The peak involvement of Baby Boomers is nearing an end and what comes after that for the golf industry is a matter of great concern — with clear unknowns to be determined. Those gathering at this year’s PGA Show have always promoted a positive glowing account that the health of the game has never been better and that the best days are just ahead. The realities point to a different direction on the road ahead. However, various efforts are already underway and showing some positive outcomes— initiatives such as First Tee – are making inroads in attracting a younger and more diverse audience to the virtue in playing the game and the fruits of these labors may indeed reap a healthy bounty of committed long time players. There’s also been a related movement to provide golf rounds lower than the standard 18 holes with 9[hole, 6-hole and other variations available. A few providers have even created pay-by-the-golf-hole set-ups.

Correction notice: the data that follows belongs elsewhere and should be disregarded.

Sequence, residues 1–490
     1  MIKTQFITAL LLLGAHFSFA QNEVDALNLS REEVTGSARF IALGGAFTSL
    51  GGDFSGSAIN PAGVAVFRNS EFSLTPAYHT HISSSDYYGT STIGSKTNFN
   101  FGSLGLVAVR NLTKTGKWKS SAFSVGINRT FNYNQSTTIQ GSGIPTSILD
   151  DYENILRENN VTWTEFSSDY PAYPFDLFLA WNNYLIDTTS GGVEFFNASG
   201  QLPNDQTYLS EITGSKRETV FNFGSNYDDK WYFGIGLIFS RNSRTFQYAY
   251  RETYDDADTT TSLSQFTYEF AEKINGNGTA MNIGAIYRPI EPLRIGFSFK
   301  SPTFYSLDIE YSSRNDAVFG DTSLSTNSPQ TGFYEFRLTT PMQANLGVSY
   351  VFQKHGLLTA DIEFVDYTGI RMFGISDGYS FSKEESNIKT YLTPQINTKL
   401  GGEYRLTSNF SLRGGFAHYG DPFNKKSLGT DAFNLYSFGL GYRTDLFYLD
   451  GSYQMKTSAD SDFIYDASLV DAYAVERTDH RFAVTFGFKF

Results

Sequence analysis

Simulation golf is also a fascinating area worth watching. In South Korea, a hotbed for golf, but one that’s ultra-expensive to play the traditional variety — the burgeoning simulator industry has been a mechanism for Millennials weaned on video games to become enamored with a sport many likely would not have remotely considered as a possibility.